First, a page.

In typical Scandinavian style, the Paragon 31 is hugely practical both inside and out. Deck access does not get much better for a boat this size. Wide side decks, enclosed by mini bulwarks topped by tall guard rails, make fender duties a breeze. The cockpit, which provides quick engine access through a large deck hatch, is enclosed by even taller guard rails. Impressively, the anchor sits in a fold-out bow roller, which, when not in use, sits inside the anchor locker, giving the impression that the boat has no anchor. A point to note on this is that the anchor and bow roller are quite heavy to fold out, so it is best to ensure that whoever is tasked with dropping the hook can realistically cope with it on a rough day. Alternatively, fold it out when you commence passage, and then fold it back in before berthing.
Boats from the Paragon range always impress me when it comes to accommodation. At a glance, you could easily think this boat has nothing more to offer than a convertible dinette and a Porta Potti. It actually manages to pack in five berths. Three berths are located aft in a single cabin, accessed through a lift-up section in saloon seating. Remarkably there is actually a reasonable degree of storage in the aft cabin, and well over 6ft of headroom between the beds. A convertible dinette is located in the forward cabin, providing a second double berth if you need it. Also in the forward cabin, a galley equipped with a three-ring gas hob, a 60L fridge and a sink sits to port. Opposite is located a sensibly sized heads compartment with shower, and, like the space by the galley, it has full standing headroom. The wheelhouse saloon is fine for four, but any more and things could feel a bit cramped. The L-shaped seating set-up works well, with the forward end of it converting to a navigator’s seat. The pole-mounted table slides up into the ceiling when not in use.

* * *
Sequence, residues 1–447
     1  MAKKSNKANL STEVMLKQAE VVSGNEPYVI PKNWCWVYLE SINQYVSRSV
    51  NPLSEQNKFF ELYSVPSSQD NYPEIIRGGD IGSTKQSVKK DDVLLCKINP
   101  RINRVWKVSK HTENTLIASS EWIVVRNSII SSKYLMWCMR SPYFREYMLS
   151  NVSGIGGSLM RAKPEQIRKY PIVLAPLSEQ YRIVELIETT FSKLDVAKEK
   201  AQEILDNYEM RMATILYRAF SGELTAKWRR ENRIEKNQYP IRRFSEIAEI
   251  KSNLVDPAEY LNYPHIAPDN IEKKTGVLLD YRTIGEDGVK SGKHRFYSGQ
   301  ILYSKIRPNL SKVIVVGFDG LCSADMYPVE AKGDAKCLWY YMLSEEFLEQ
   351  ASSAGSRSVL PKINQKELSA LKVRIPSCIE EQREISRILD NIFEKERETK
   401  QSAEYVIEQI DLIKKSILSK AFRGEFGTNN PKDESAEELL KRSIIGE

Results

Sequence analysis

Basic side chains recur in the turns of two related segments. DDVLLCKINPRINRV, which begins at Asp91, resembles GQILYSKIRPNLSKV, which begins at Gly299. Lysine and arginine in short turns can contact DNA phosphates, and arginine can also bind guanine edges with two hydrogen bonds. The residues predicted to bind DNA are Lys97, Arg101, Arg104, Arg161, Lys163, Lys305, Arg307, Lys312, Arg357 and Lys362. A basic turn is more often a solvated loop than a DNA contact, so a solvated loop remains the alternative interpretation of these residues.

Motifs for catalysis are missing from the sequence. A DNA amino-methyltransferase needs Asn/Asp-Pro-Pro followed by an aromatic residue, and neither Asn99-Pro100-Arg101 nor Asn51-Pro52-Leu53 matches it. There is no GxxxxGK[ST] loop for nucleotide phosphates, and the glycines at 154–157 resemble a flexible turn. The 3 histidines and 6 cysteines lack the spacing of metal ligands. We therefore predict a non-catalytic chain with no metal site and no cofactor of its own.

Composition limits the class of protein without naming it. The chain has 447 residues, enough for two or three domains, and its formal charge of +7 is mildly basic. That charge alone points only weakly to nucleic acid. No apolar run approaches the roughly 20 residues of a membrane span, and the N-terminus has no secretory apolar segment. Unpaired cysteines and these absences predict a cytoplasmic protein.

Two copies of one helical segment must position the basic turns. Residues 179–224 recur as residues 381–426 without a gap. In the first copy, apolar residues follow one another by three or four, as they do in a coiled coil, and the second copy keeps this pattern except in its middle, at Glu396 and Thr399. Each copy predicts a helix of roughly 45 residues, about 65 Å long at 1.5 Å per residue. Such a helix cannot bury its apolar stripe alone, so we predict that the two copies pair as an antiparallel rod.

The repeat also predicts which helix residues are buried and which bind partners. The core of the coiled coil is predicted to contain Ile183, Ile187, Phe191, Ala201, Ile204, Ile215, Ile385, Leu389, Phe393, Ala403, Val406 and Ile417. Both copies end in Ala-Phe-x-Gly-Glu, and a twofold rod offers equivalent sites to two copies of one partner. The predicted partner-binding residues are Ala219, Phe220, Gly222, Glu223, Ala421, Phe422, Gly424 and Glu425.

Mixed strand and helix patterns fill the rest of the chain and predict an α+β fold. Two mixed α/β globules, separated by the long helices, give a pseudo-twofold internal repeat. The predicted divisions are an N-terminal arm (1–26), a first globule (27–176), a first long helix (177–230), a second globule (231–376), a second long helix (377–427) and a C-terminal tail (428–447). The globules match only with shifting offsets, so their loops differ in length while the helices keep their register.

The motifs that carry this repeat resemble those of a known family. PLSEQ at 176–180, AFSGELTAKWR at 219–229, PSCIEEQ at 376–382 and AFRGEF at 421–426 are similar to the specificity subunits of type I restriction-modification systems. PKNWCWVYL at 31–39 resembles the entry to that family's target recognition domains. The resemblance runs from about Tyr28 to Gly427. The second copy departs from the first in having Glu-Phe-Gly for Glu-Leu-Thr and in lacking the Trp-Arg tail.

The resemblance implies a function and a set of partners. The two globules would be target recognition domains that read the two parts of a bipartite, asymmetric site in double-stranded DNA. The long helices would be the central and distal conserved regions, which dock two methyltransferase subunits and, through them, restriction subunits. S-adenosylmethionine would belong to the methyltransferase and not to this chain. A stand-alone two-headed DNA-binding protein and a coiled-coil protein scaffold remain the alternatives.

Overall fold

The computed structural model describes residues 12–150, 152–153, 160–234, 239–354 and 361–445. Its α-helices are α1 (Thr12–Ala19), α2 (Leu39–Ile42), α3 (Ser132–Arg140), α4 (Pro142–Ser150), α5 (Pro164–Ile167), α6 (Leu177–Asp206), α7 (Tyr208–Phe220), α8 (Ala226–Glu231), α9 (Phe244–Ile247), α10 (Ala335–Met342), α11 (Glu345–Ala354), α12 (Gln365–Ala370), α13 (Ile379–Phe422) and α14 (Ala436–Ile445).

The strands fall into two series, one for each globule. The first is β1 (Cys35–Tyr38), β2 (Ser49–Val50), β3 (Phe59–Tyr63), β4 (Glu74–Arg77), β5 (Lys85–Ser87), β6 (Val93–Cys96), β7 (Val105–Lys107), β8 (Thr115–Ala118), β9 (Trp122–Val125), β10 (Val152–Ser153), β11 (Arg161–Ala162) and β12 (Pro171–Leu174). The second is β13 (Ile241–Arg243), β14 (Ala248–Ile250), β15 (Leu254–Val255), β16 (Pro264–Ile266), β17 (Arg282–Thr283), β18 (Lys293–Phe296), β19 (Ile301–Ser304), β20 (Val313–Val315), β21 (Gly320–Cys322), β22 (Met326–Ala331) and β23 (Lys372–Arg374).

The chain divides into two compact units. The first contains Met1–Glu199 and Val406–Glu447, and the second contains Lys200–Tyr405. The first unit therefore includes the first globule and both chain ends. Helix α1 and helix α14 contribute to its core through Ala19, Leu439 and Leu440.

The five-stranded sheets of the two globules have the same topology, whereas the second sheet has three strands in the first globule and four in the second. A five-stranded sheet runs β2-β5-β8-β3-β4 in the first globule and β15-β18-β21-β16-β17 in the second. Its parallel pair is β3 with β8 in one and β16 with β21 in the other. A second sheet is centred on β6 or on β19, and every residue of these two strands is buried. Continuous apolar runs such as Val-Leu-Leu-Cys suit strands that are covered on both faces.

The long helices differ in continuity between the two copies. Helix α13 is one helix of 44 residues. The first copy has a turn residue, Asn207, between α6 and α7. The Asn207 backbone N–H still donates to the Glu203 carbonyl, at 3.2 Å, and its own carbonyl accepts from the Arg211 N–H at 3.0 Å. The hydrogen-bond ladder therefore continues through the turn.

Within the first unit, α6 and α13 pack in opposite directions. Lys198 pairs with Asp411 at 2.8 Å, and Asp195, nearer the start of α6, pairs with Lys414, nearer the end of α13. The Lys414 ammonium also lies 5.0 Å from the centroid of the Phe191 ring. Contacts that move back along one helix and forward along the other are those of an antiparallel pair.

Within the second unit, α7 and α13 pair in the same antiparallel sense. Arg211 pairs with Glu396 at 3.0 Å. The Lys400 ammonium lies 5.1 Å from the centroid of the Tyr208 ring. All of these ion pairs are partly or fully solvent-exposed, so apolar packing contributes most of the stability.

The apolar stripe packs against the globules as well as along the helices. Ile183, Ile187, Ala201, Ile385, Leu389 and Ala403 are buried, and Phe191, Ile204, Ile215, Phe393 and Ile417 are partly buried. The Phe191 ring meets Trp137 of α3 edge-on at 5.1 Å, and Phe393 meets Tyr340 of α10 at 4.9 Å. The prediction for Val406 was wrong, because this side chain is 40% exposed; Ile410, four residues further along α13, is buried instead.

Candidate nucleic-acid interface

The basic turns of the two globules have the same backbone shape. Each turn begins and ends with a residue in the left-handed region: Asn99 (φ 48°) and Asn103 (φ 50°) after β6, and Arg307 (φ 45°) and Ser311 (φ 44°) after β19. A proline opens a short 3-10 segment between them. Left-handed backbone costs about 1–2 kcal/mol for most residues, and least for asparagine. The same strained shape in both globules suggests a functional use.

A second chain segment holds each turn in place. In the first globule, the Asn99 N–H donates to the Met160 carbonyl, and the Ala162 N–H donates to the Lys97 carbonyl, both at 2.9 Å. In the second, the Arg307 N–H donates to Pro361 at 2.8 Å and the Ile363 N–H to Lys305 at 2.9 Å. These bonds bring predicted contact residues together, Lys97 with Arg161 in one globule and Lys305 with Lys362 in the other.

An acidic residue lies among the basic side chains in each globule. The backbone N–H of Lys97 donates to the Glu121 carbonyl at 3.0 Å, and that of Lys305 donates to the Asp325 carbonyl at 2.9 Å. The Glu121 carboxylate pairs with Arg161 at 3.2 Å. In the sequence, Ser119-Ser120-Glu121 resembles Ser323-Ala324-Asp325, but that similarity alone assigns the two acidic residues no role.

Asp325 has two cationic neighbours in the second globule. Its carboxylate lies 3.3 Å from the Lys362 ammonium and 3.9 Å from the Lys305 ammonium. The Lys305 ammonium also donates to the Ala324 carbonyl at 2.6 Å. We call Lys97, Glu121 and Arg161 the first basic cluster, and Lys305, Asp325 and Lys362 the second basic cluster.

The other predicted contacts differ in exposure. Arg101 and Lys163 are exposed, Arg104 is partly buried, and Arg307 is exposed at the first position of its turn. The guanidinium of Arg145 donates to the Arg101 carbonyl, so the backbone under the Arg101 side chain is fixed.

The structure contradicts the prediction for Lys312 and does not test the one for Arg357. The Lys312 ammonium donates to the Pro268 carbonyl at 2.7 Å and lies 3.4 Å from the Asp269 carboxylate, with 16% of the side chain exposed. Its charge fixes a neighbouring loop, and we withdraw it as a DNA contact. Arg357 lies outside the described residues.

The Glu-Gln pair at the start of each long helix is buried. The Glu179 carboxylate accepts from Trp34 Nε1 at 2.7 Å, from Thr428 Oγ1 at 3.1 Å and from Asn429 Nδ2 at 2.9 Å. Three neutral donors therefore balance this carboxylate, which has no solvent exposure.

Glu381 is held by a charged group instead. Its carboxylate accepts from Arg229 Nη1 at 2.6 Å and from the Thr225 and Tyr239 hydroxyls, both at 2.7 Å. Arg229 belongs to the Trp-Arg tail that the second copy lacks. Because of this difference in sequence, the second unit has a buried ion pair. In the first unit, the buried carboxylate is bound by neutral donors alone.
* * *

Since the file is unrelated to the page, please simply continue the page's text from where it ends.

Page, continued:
The Paragon 31 is not often seen in our waters and made all the harder to find due to its initial cost. It is a purist craft whose virtues will not be lost on those that crave the ultimate all-weather middleweight powerboat. It is also a capable jack-of-all-trades family boat that can appeal to those outside of the big boy’s toys brigade. Though it does have some very capable contenders, its uniquely capable character and appearance should keep it at the forefront of its class for quite some time.
- Build period: 2009 to present
- Designer: Paragon 2009
- Berths: 5
- Cabins: 2
- Hull type: Deep-vee planing
- RCD category: B for 8
- Length overall: 9.85m (32ft 3in)
- Beam: 3.32m (10ft 11in)
- Draught: 1.18m (3ft 9in)
- Displacement: 5.6 tonnes (light)
- Fuel capacity: 450 litres (100 gal)
- Water capacity: 200 litres (44 gal)
- Cruising range: 220 miles with a 20% reserve at 27/28 knots
- Current value: From £160,000
Points to consider
Both the D3 and the D6 had a few problems during their early production runs. The lower-powered early D3s had problems with their variable-vane turbochargers, but with the D3-220 this has long been sorted. By 2010, most of the main issues that plagued some D6s had been sorted, making the D6-370 a reliable engine.
Depreciation generally tends to be low on any boat built in the Baltic. Build, design, seakeeping and the fact that there are very few actually available for sale second-hand in the UK also have a bearing on this. When new, this boat with twin D3-220s would have cost around £220,000, meaning it has lost 20% in seven years, and this is the steepest part of any boat’s depreciation curve. Going forward, depreciation will drop as the boat gets older, making a seven-year-old Paragon 31 a good buy in boating terms.
Paragon’s build quality, true to Scandinavian form, is of the highest standard. These boats are built to last and to be used in harsh conditions, so you can expect one to have stood the test of time very well.
Servicing for the Volvo D6 will be around £600 an engine for a 100-hour service, and it is always worth shopping around in this department. A pair of D3s will work out at around £900 for a service. Then there is the cost of servicing sterndrives, which is normally done every two years at around £500 a drive whether it is the DPH sterndrive of the D6 or the DPS sterndrive that the D3 uses. Due to the fact that sterndrives spend quite a bit of time in salt water, costs can increase over time.
A paragon 31 fitted with a single 370hp D6 will return around 2.5 to 2.8 mpg between 25 to 30 knots. Even if you drive this boat flat-out it will still return over 2mpg, so in boating terms, this craft will not break the bank to run. An example with twin D3-220s will be around 15% less efficient.
2011 price: £165,000
The pristine boat featured in this article is located at Offshore Powerboats in Lymington. It is a highly specified boat and new to the market. Its comprehensive list of equipment includes radar, autopilot, bow thruster and a full Simrad electronics package including repeaters for the coachroof helm position. It also has the optional 70L holding tank, and teak decking throughout. Other extras include a cockpit table and a transom shower. It is the only used example on the market in this country that we are aware of. It is in ‘turnkey’ condition with full documented history.